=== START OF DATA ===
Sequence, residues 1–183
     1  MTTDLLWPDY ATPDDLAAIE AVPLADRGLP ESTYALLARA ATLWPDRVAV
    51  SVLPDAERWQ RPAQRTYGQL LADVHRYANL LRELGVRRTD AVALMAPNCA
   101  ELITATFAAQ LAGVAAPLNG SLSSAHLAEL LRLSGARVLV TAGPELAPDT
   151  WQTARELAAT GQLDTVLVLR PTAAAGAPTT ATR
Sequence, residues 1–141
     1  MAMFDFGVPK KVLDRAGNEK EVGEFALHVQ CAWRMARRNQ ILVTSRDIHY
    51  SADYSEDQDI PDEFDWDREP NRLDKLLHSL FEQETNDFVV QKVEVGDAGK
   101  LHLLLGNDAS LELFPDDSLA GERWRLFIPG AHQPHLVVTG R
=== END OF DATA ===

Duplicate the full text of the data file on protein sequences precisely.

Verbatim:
Sequence, residues 1–183
     1  MTTDLLWPDY ATPDDLAAIE AVPLADRGLP ESTYALLARA ATLWPDRVAV
    51  SVLPDAERWQ RPAQRTYGQL LADVHRYANL LRELGVRRTD AVALMAPNCA
   101  ELITATFAAQ LAGVAAPLNG SLSSAHLAEL LRLSGARVLV TAGPELAPDT
   151  WQTARELAAT GQLDTVLVLR PTAAAGAPTT ATR
Sequence, residues 1–141
     1  MAMFDFGVPK KVLDRAGNEK EVGEFALHVQ CAWRMARRNQ ILVTSRDIHY
    51  SADYSEDQDI PDEFDWDREP NRLDKLLHSL FEQETNDFVV QKVEVGDAGK
   101  LHLLLGNDAS LELFPDDSLA GERWRLFIPG AHQPHLVVTG R